isn't critical.

The --assemble command you list below should be perfectly safe and allow
read access without risking any corruption.
If you
   echo 1 >  /sys/module/md_mod/parameters/start_ro

then it will be even safer (if that is possible).  It will certainly not write
anything until you write to the array yourself.
You can then 'fsck -n', 'mount -o ro' and copy any super-critical files before
proceeding.
I would then probably
   echo check > /sys/block/md0/md/sync_action

just to see if everything is ok (low mismatch count expected).

I also recommend removing the old superblocks.
 mdadm --zero /dev/sdc --metadata=0.90

will look for a 0.90 superblock on sdc and if it finds one, it will erase it.
You should first double check with
   mdadm --examine --metadata=0.90 /dev/sda
to ensure that is the one you want to remove
(without the --metadata=0.90 it will look for other metadata, and you might
not want it to do that without you checking first).

Good luck,
NeilBrown


> 
> The current state of the 12-drive volume is:  (note: sdb1 has no 
> superblock but the drive is physically fine)
> 
> /dev/sdc1:
>            Magic : a92b4efc
>          Version : 0.90.00
>             UUID : 852267e0:095a343c:f4f590ad:3333cb43
>    Creation Time : Tue Feb 14 18:56:08 2012
>       Raid Level : raid10
>    Used Dev Size : 586059136 (558.91 GiB 600.12 GB)
>       Array Size : 3516354816 (3353.46 GiB 3600.75 GB)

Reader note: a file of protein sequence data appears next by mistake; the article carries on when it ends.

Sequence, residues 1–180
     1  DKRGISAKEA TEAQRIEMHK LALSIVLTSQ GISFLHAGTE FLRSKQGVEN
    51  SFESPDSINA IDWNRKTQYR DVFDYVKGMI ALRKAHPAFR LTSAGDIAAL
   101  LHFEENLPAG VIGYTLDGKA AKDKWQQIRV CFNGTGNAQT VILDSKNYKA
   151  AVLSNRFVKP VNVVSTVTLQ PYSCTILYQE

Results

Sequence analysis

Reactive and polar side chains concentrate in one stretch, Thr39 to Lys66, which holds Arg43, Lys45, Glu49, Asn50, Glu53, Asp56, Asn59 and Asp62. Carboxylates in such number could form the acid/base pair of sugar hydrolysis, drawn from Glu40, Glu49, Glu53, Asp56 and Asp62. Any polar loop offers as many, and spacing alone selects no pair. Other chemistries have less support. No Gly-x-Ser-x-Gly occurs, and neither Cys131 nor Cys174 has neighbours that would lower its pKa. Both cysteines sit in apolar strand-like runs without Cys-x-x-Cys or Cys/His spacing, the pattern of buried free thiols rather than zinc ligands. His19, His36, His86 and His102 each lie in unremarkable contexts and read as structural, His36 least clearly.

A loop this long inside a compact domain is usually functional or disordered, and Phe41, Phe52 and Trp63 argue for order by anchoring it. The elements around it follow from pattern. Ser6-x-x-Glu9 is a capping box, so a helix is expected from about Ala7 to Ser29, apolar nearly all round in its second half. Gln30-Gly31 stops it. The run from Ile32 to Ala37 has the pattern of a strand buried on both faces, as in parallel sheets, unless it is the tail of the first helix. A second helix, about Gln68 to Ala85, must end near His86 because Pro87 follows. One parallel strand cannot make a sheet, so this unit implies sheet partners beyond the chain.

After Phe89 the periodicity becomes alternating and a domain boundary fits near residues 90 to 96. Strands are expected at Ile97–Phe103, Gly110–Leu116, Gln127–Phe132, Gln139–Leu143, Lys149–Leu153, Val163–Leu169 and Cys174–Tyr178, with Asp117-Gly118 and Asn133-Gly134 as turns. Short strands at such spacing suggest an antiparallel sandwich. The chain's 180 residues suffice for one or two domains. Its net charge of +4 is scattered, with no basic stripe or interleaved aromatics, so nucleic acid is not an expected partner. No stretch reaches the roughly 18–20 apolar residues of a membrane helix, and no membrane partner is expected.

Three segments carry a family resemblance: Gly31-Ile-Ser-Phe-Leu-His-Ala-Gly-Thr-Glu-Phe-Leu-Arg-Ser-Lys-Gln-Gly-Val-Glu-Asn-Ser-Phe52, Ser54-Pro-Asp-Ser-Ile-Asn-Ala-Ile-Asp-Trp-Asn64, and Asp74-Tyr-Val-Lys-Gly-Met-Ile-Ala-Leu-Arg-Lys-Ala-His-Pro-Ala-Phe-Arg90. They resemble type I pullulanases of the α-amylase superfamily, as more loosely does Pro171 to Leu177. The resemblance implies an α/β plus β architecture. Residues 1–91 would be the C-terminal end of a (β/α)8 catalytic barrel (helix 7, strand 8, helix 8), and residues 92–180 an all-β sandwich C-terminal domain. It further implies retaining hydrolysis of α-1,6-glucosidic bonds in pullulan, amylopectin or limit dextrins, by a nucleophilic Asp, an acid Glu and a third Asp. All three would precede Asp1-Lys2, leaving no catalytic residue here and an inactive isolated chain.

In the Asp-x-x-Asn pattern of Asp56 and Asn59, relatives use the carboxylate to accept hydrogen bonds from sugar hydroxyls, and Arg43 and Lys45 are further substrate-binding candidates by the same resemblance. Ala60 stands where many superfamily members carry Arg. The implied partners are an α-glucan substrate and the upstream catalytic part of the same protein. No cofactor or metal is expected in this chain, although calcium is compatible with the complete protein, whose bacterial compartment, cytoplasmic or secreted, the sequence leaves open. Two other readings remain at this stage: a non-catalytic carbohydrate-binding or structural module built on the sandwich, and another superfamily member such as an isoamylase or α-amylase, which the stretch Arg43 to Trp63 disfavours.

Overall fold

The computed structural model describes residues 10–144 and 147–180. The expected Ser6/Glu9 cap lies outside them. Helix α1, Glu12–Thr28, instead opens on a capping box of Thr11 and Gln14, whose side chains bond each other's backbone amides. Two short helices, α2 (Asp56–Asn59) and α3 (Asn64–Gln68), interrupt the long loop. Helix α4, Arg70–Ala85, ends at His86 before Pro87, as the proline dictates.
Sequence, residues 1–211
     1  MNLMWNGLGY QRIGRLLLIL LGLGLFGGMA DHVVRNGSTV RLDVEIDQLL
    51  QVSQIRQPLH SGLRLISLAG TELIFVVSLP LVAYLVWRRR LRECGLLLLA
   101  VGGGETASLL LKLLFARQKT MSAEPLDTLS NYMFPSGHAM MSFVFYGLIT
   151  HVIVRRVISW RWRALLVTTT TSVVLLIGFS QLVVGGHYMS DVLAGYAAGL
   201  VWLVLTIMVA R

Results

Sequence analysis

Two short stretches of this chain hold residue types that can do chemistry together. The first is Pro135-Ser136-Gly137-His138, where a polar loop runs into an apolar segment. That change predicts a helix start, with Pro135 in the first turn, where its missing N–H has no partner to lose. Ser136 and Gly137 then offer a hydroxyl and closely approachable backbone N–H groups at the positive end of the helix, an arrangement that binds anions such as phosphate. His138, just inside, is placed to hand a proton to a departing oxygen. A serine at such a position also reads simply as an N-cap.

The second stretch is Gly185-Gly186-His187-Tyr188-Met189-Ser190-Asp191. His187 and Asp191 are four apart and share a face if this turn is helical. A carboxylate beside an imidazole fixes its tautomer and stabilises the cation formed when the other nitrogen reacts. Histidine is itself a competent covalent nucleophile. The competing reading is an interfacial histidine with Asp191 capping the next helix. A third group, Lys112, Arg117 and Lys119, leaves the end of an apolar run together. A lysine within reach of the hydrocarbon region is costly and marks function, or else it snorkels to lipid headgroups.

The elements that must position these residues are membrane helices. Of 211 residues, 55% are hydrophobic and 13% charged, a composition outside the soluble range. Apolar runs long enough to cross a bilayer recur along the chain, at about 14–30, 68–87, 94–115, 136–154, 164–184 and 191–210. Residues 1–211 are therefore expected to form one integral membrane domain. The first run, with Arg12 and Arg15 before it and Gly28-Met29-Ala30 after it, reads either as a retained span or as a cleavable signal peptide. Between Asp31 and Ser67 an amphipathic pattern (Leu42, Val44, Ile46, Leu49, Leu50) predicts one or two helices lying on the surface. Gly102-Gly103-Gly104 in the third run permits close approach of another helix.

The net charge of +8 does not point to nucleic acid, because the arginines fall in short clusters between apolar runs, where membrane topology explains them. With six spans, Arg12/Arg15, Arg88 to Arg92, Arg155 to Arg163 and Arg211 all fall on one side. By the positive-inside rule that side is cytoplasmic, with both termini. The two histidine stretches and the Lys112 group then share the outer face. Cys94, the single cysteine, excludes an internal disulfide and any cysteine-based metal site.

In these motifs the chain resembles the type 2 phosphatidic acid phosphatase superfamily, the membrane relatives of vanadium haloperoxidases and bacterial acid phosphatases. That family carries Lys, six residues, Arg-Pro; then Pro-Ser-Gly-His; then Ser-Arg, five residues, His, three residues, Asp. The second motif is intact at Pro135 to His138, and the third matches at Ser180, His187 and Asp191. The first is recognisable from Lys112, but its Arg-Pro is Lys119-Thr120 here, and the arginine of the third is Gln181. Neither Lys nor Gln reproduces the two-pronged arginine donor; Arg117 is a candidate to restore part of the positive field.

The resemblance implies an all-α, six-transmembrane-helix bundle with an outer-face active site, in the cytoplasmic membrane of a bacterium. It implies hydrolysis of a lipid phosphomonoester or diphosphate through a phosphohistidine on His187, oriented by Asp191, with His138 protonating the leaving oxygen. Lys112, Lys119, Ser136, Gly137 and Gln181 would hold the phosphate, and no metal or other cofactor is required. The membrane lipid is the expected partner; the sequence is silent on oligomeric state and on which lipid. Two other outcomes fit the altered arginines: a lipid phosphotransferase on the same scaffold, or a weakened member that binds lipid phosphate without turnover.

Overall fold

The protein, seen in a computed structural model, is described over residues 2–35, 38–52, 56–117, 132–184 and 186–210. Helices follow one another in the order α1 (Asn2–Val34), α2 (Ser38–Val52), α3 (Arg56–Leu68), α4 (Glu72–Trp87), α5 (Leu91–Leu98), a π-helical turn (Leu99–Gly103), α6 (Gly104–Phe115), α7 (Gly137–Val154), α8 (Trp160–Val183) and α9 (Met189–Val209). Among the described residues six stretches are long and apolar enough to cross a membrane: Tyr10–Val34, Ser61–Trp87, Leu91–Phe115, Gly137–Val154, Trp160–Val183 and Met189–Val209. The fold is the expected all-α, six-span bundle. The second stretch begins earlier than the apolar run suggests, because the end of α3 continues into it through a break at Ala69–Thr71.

>     Raid Devices : 12
>    Total Devices : 12
> Preferred Minor : 0
> 
>      Update Time : Sat May 26 12:05:11 2012
>            State : clean
>   Active Devices : 12
> Working Devices : 12
>   Failed Devices : 0
>    Spare Devices : 0
>         Checksum : 21bca4ce - correct
>           Events : 26
> 
>           Layout : near=2
>       Chunk Size : 32K
> 
>        Number   Major   Minor   RaidDevice State
> this     1       8       33        1      active sync   /dev/sdc1
> 
>     0     0       8       17        0      active sync
>     1     1       8       33        1      active sync   /dev/sdc1
>     2     2       8       49        2      active sync   /dev/sdd1
>     3     3       8       65        3      active sync   /dev/sde1
>     4     4       8       81        4      active sync   /dev/sdf1
>     5     5       8       97        5      active sync   /dev/sdg1
>     6     6       8      113        6      active sync   /dev/sdh1
>     7     7       8      129        7      active sync   /dev/sdi1
>     8     8       8      145        8      active sync   /dev/sdj1
>     9     9       8      161        9      active sync   /dev/sdk1
>    10    10       8      177       10      active sync   /dev/sdl1
>    11    11       8      193       11      active sync   /dev/sdm1
> 
> I could just run 'mdadm -A --uuid=852267e0095a343cf4f590ad3333cb43 
> /dev/sd[bcdefghijklm]1 --run' but I feel better seeking advice and 
> consensus before doing anything.
> 
> I have never seen a situation like this before. It seems like there 
> might be one correct way to get the data back and many ways of losing 
> the data for good. Any advice or feedback is greatly appreciated!
> 
> --Jeff
>